The rate of tax varies marginally according to whether the property is the main home or a second home. In the case of the latter the rate for management costs is higher (3% rather than 1%). Homes with a high rateable value also have an additional rate applied against them, called prélèvements pour base élevée et sur les maison secondaires.

For a second home the percentage rate is 1.2% for properties with a rateable value between €4,573 and €7,622 and 1.7% if they exceed this figure. For main homes the rate is 0.2% if the rateable value exceeds €4,573. There is no automatic abatement of the tax for children, as is the case for the taxe d'habitation.

If you are buying a property the tax payable may be shown on the property particulars. If not, ask the seller or agent for a copy of the most recent tax demand, called avis d’imposition. However, be careful how you interpret the net figure payable, as the gross amount may have been reduced due to the income or other circumstances of the current owner. If in doubt the Centre des Impôts Fonciers should be able to advise you of the gross amount, but the figure should also be on the tax demand.

Most local councils also make a separate charge for refuse collection, in a tax called taxe d’enlèvement des ordures ménagères (TEOM), which is sent out with the taxe foncière.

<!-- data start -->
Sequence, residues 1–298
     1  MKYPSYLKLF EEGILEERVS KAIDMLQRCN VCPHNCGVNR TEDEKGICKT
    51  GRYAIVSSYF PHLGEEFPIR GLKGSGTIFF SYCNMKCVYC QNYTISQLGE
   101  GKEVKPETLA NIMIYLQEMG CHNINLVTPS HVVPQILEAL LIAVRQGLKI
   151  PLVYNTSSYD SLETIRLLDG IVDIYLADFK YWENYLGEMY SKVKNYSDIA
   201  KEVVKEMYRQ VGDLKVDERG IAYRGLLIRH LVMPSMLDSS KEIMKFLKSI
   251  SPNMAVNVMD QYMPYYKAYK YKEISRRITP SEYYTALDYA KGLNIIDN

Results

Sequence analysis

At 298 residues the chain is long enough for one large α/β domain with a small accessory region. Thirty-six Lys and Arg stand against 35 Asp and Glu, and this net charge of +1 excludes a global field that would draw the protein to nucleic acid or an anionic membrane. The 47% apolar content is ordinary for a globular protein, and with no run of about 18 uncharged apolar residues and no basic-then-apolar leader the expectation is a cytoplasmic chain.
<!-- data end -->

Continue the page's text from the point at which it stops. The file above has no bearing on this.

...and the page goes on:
The basis for the calculation of the tax is generally the same as that for the taxe foncière, that is to say the rateable value of the property. In some cases, councils charge on the basis of the number of persons in the household, in which case the tax is called Redevance d’Enlèvement des Ordures Ménagères (REOM). Where the tax is not levied, the costs of refuse collection are funded from the general budget.

The level of the taxe foncière is generally higher in towns than in the countryside and also as between different regions of the country. The amount payable each year varies so much between local tax authorities and different properties that it would be pointless to state an average. You can read about the average amounts payable in each department of France in 2019 in our article Taxe Foncière 2019.

In the event you sell a property during the year you are obliged to pay the tax for the full year, although it is not unusual for there to be an agreement with the new owner concerning sharing of the tax, which needs to be incorporated in the sale and purchase agreement.